8 . T2 S1 r(x0) w( x ⃞)r( x ⃞)w( x ⃞) commit(x2) S3 immediate abort due to write-write conflict with x6 r(x2) ww w( x ⃞) T7 S4 r(x2) r(y0) w( x ⃞)w( y ⃞) commit(x7,y7) rw rw abort due to read-write conflict: validation fails as S5 {x2,x6,y0,y6} intersect predicate space of S5 r(y0) r(x2) w( z ⃞) T6 S6 succeeds because it is a read-only transaction r(y0) r(x2) commit (a) a write-write conflict and a read-write conflict T1 T4 S1 S1 r(y0) r(z0) r(x0) commit r(x0) i( o ⃞)d( u ⃞)w( x ⃞) commit(x4,o4,u) T3 S2 T5 r(x0) w( x ⃞) commit(x3) S2 abort because P(x0)=true T7 rP(x0) rQ(z0) w( z ⃞) Test P(x0),Q(x0),P(x5),Q(x5),P(o5),Q(o5),P(u0),Q(u0) S4 r(x3) w( x ⃞) r(z0) w( z ⃞) commit(x7,z7) abort if either Test is true: T6 T6 S3 S(o5) indicates phantom S5 rS(...) w( y ⃞) r(x3) r(y0) w( y ⃞) commit(y6) Test S(x0),S(x5),S(o5),S(u0) (b) benefits of our MVCC model (c) a read-write conflict, a read-delete conflict, and a phantom conflict Figure 6: Example schedules in our MVCC model T , i.e., Tc > Tc , we could delay T (and thus o2 ) until after iced by updating whole records and not using VersionedPo- Tc , thus we only have to consider the case Tc < Tc . sitions synopses in our MVCC model. We further experi- There are four possible combinations for the operations mented with DBMS-X, a commercial main-memory DBMS o1 and o2 . If both are reads, we can swap the order of both, with a MVCC implementation similar to [23]. DBMS-X was which is a contradiction to our assumption that o1 and o2 are run in Windows 7 on our evaluation machine. Due to licens- conflicting. If both are writes, T would have aborted due to ing agreements we can not disclose the name of DBMS-X. to our protocol of immediately aborting upon detecting ww - The experiments were executed on a 2-socket Intel Xeon conflicts. Thus, there is a contradiction to the assumption E5-2660v2 2.20 GHz (3 GHz maximum turbo) NUMA sys- that both, T and T , are committed transactions. If o1 is a tem with 256 GB DDR3 1866 MHz memory (128 GB per read and o2 is a write, the update o2 is already in the undo CPU) running Linux 3.13. Each CPU has 10 cores and a buffers when T commits, as Tc < Tc and the predicate P 25 MB shared L3 cache. Each core has a 32 KB L1-I and of the read of o1 has been logged. The predicate validation L1-D cache as well as a 256 KB L2 cache. at Tc then checks if o1 is affected by o2 by testing whether P is satisfied for either the before- or the after-image of o2 (i.e., if the read should have seen the write), as illustrated in 4.1 Scan Performance Figure 6(c). If not, that is a contradiction to the assumption Initially we demonstrate the high scan performance of our that o1 and o2 are conflicting. If yes, that is a contradiction MVCC implementation. We implemented a benchmark sim- to the assumption that T has committed successfully as T ilar to the SIBENCH [7] benchmark and our bank accounts would have been aborted when P was satisfied. If o1 is a example (cf., Figure 1). The benchmark operates on a single write and o2 is a read, the read has ignored the effect of o1 relation that contains integer (key, value) pairs. The work- in the MVCC mechanism, as Tc > Sb , which is a contradic- load consists of update transactions which modify a (key, tion to the assumption that o1 and o2 are conflicting. The value) pair by incrementing the value and a scan transac- theorem follows. tion that scans the relation to sum up the values. Figure 7 shows the per-core performance of scan trans- actions on a relation with 100M (key, value) records. To 4. EVALUATION demonstrate the effect of scanning versioned records, we dis- In this section we evaluate our MVCC implementation in able the continuous garbage collection and perform updates our HyPer main-memory database system [21] that supports before scanning the relations. We vary both, the number of SQL-92 queries and transactions (defined in a PL/SQL-like dirty records and the number of versions per dirty record. scripting language [20]) and provides ACID guarantees. Additionally, we distinguish two cases: (i) the scan trans- HyPer supports both, column- and a row-based storage of action is started before the updates (scan oldest) and thus relations. Unless otherwise noted, we used the column-store needs to undo the effects of the update transactions and backend, enabled continuous garbage collection, and stored (ii) the scan transaction is started after the updates (scan the redo log in local memory. Redo log entries are generated newest) and thus only needs to verify that the dirty records in memory and log entries are submitted in small groups are visible to the scan transaction. For all cases, the results (group commit), which mitigates system call overheads and show that our MVCC implementation sustains the high scan barely increases transaction latency. We evaluated HyPer throughput of our single-version concurrency control imple- with single-version concurrency control, our novel MVCC mentation for realistic numbers of dirty records; and even model, and a MVCC model similar to [23], which we mim- under high contention with multiple versions per record. 684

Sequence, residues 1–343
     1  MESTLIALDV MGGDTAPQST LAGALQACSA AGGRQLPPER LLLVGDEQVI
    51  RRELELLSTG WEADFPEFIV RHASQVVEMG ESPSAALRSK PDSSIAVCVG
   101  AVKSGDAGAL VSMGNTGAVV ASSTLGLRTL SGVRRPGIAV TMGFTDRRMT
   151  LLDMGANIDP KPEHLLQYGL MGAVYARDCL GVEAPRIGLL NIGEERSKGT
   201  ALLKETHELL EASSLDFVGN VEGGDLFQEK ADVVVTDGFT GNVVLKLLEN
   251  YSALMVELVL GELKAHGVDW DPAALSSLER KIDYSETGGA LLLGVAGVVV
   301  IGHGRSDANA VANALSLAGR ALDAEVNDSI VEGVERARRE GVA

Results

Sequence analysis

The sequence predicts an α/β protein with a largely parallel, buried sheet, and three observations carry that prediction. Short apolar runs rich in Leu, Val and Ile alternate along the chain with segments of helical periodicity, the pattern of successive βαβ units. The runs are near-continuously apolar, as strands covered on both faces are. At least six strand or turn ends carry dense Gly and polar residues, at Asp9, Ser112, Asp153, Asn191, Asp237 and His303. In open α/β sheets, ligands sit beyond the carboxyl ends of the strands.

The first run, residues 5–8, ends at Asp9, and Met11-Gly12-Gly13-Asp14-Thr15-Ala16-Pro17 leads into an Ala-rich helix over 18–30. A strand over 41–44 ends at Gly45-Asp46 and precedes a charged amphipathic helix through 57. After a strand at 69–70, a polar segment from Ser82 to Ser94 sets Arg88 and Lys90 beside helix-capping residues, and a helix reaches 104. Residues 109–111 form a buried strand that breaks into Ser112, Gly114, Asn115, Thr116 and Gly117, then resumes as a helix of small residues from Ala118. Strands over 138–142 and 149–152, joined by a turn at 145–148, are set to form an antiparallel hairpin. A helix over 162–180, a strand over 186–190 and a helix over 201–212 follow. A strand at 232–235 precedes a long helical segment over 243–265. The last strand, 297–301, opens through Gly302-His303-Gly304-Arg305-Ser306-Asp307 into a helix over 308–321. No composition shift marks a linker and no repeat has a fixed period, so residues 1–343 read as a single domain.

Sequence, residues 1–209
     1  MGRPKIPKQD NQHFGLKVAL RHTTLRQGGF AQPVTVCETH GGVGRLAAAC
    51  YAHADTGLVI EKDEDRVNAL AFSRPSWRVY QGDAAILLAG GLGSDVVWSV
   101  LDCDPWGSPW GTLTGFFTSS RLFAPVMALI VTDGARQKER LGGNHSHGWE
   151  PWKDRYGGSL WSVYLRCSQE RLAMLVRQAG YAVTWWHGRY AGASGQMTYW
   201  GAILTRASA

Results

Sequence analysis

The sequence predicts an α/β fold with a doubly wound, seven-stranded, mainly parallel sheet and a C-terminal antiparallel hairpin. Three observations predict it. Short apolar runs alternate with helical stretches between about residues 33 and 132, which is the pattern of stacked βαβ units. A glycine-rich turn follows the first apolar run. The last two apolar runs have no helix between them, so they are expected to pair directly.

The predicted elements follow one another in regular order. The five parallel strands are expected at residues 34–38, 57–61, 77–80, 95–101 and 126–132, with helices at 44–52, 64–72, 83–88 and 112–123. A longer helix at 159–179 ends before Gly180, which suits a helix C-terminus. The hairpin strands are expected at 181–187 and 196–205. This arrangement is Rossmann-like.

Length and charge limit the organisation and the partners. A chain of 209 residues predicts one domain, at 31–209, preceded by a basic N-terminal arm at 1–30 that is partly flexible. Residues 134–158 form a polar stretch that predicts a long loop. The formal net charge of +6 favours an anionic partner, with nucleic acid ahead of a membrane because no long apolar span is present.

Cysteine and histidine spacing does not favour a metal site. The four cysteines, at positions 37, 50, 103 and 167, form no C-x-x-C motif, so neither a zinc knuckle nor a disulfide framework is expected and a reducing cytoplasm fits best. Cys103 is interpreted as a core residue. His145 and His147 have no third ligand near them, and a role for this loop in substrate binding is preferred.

9 .scan throughput 1000M 100% 75% cycles [records/s] 750M 50% 500M 25% realistic scenarios 0% 250M with garbage collection 0% 0.0001% 0.001% 0.01% 0.1% (0) (100) (1k) (10k) (100k) 0M 0.00001% 0.0001% 0.001% 0.01% 0.1% dirty records out of 100M (10) (100) (1k) (10k) (100k) scan retrieve version dirty records out of 100M find first versioned find first unversioned single-version system scan newest 4 versions 16 versions Figure 9: Cycle breakdowns of scan-oldest transac- scan oldest, scan oldest, dirty record dirty record tions that need to undo 4 updates per dirty record Figure 7: Scan performance with disabled garbage collection: the scan newest transaction only needs to include mostly modified records. A breakdown of CPU cy- verify the visibility of records while the scan oldest cles in Figure 9 shows that our MVCC functions are very transaction needs to undo updates. cheap for realistic numbers of versioned records. We mea- sured 2.8 instructions per cycle (IPC) during the scans. 1000M We further compared the scan performance of our MVCC scan throughput implementation to DBMS-X. DBMS-X achieves a scan speed [records/s] 750M of 7.4M records/s with no dirty records and 2.5M records/s with 10k dirty records (> 100× slower than our MVCC im- 500M 5.5× improvement plementation). Of course, we “misused” DBMS-X with its 250M point-query-only-optimized model for large full-table scans, which would be necessary for analytical transactions. The 0M 0.00001% 0.0001% 0.001% 0.01% 0.1% Hekaton model is only optimized for point queries and per- (10) (100) (1k) (10k) (100k) forms all accesses through an index, which severely degrades performance for scans-based analytics. dirty records out of 100M single-version system MVCC, no VP 4.2 Insert/Update/Delete Benchmarks We also evaluated the per-core performance of insert, up- MVCC, VP s = 210 MVCC, VP s = 24 date, and “delete and insert” (delin) operations on a relation MVCC, VP s = 216 with 10 integer attributes and 100M records. As expected, compared to our single-version concurrency control imple- Figure 8: Effect of VersionedPositions (VP) syn- mentation (5.9M inserts/s, 3.4M updates/s, 1.1M delins/s), opses per s records on scan performance performance with our MVCC implementation is slightly de- graded due to visibility checks and the maintenance of the VersionVector and the VersionedPositions (4M inserts/s, To validate our assumptions for the number of dirty records 2M updates/s, 1M delins/s). The number of logically con- and versions we consider Amazon.com as an example. 6.9 current active transactions, however, has no performance million copies of Harry Potter and the Half-Blood Prince, impact. As the newest version is stored in-place and the one of the best-selling books of all time, were sold within version record of the previous version is inserted at the be- the first 24 hours in the United States. Even if we make ginning of the version chain, performance of updates is also the highly pessimistic assumptions that all books are sold independent of the total number of versions. through Amazon within 20 hours of that day and that Ama- zon operates only six warehouses, 16 copies of that book are 4.3 TPC-C and TATP Results sold per warehouse per second. Our experiment suggests TPC-C is a write-heavy benchmark and simulates the that in order to measure a significant drop in scan perfor- principal activities of an order-entry environment. Its work- mance there need to be hundreds of thousands of such best- load mix consists of 8% read-only transactions and 92% selling items and a transaction that is open for a long period write transactions. Some of the transactions in the TPC-C of time. Remember that in this case the long-running trans- perform aggregations and reads with range predicates. Fig- action can be aborted and restarted on a snapshot [29]. ure 10(a) shows the per-core performance of our MVCC im- Figure 8 shows the performance effect of having Versioned- plementation for the TPC-C benchmark with 5 warehouses Positions synopses (see Section 2.6) on scan performance. and no think times. Compared to our single-version concur- Our implementation maintains VersionedPositions per 1024 rency control implementation, our MVCC implementation records. The experiment suggests that increasing or decreas- costs around 20% of performance. Still, more than 100k ing the number of records per VersionedPositions degrades transactions/s are processed. This is true for our column- scan performance. Compared to not using VersionedPosi- and a row-based storage backends. We also compared these tions at all, scan performance is improved by more than numbers to a 2PL implementation in HyPer and a MVCC 5.5×. 1024 records seems to be a sweetspot where the size model similar to [23]. 2PL is prohibitively expensive and of the VersionedPositions vector is still reasonable and the achieves a ∼5× smaller throughput. The MVCC model synopses already encode meaningful ranges, i.e., ranges that of [23] achieves a throughput of around 50k transactions/s. 685